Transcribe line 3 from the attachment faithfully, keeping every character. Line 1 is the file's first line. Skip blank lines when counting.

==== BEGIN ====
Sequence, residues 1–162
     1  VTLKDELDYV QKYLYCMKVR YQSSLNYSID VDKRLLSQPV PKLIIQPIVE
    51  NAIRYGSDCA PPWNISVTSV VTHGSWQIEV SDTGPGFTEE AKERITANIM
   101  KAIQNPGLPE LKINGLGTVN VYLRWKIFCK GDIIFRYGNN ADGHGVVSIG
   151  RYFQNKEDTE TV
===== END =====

    51  NAIRYGSDCA PPWNISVTSV VTHGSWQIEV SDTGPGFTEE AKERITANIM